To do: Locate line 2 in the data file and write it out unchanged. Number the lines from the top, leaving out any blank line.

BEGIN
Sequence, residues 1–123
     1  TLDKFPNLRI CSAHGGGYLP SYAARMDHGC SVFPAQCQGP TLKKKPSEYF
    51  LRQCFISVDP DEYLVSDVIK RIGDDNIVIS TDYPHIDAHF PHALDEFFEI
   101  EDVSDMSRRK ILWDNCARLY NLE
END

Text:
     1  TLDKFPNLRI CSAHGGGYLP SYAARMDHGC SVFPAQCQGP TLKKKPSEYF